If Hillary wins, there will still be a country, in the sense of a geographic territory with a people, a government, and various institutions. Things will mostly look the same, just as—outwardly—Rome changed little on the ascension of Augustus. It will not be tyranny or Caesarism—not yet. But it will represent, in my view, an irreversible triumph for the administrative state. Consider that no president has been denied reelection since 1992. If we can’t beat the Democrats now, what makes anyone think we could in 2020, when they will have all the advantages of incumbency plus four more years of demographic change in their favor? And if we can’t win in 2016 or 2020, what reason is there to hope for 2024? Will the electorate be more Republican? More conservative? Will constitutional norms be stronger?
Many anti-Trump conservatives dispute this argument with vague generalities about a coming conservative resurgence. But none has even attempted to refute the specifics. Goldberg certainly doesn’t—as noted, he says my arguments are unworthy of response. Not unworthy of writing about seven times. Just unworthy of responding to in detail.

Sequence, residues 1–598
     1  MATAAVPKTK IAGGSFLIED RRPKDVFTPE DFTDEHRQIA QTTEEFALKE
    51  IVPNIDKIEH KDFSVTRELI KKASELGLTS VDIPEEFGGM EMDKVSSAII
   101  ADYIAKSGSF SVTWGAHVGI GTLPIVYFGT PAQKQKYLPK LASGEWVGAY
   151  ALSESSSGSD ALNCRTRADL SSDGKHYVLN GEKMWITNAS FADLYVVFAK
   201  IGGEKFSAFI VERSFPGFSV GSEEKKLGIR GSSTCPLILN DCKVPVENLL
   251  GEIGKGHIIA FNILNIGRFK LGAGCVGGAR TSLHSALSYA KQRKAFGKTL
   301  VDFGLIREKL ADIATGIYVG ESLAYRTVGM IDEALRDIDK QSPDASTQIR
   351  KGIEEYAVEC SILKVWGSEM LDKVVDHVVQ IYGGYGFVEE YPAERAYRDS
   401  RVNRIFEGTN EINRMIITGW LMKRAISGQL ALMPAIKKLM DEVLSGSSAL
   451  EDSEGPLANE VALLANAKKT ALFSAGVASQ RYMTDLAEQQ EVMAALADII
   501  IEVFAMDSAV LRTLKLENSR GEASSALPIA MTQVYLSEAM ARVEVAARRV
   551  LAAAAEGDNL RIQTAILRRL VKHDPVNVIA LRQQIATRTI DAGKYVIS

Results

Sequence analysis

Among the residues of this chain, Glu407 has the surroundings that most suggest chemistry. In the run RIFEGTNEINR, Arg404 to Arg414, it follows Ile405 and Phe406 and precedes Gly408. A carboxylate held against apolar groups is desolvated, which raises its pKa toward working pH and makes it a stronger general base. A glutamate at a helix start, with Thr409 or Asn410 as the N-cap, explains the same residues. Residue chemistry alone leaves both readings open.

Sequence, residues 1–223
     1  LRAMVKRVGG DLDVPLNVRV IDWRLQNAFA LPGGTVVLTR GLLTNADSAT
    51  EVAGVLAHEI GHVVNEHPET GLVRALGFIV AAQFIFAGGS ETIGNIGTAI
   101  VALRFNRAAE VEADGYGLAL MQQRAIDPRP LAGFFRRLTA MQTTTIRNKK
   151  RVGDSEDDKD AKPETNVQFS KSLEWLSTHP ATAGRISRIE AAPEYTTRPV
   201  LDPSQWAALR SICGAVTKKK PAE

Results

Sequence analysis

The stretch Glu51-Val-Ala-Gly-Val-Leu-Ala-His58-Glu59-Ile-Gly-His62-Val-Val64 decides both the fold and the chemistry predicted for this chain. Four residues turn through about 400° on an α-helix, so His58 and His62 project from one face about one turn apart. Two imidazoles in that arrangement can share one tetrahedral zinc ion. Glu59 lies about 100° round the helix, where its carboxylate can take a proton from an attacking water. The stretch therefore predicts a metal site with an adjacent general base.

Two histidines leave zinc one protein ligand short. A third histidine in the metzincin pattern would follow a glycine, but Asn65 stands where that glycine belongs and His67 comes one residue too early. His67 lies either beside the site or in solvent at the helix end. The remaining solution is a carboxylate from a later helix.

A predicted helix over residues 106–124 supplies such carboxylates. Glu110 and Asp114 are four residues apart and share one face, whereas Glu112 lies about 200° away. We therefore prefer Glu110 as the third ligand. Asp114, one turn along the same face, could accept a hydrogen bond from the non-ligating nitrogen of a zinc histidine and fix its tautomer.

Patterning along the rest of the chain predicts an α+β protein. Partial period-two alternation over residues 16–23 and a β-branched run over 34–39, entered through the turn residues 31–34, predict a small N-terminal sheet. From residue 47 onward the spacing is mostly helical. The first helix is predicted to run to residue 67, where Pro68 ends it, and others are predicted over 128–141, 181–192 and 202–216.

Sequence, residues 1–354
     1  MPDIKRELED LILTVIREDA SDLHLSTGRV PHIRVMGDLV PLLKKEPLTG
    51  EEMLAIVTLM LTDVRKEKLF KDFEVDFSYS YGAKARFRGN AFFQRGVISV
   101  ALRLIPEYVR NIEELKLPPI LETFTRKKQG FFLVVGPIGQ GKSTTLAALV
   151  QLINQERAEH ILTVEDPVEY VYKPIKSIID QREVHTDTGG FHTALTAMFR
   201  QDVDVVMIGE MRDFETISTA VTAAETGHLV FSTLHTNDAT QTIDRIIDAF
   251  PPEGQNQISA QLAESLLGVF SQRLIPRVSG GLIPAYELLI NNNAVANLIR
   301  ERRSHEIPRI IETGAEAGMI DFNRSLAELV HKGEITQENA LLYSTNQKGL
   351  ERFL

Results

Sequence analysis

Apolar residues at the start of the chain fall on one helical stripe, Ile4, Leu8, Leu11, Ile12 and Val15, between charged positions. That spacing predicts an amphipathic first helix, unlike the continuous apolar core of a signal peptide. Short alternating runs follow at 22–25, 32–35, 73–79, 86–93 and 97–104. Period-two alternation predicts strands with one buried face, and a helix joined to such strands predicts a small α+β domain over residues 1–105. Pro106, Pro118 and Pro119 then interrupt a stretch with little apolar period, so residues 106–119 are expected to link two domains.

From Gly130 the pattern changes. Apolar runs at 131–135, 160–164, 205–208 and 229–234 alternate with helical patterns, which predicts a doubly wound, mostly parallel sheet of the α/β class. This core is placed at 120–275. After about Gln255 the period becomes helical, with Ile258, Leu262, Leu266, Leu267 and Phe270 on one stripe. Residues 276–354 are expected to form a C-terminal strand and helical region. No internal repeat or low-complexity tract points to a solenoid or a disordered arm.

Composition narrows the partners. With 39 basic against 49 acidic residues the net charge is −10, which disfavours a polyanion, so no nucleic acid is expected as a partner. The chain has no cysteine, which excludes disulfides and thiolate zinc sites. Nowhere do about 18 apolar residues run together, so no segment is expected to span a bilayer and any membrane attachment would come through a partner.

I may have made the argument first (though I’m not claiming I did), but others have made versions of it since—including current and former National Review writers Victor Davis Hanson, John O’Sullivan, Conrad Black, and Mark Steyn. Even the eminently respectable Yuval Levin and Ramesh Ponnuru wrote in detail about the grave dangers of a Hillary presidency—admittedly, without concluding that Trump is superior. But their case is rather more in support of my thesis than against it. Yet Goldberg singles out only me for opprobrium.
At any rate, I’m on the record with a prediction. It will come true or it won’t. If it doesn’t, Goldberg and (many) others will doubtless cackle that they told me so. And I promise to take it in more than good humor—considering that, first of all, I will have been wrong and thus will have it coming. Second, and much more important: I will be overjoyed at having been wrong, relieved that what I most feared did not come to pass.
Conservatives for Bourbonism (Not the Kentucky Variety)
Goldberg continues by expressing outrage at my musings on motive. There’s no question in my mind that America is ruled by a bipartisan elite that agrees on the sanctity of open borders, free trade and carried interest. Goldberg doesn’t dispute that here—or anywhere, so far as I have noticed. He’s more incensed over what he thinks I said about Conservatism, Inc. But he gets this wrong too. It’s true that I think the donor class, the top pols, and the think-tank elite are motivated at least in part by money and status. I don’t think, and didn’t say, that rank-and-file Hill staffers, research assistants, talking-point-drafters, op-ed writers, and bloggers are so motivated.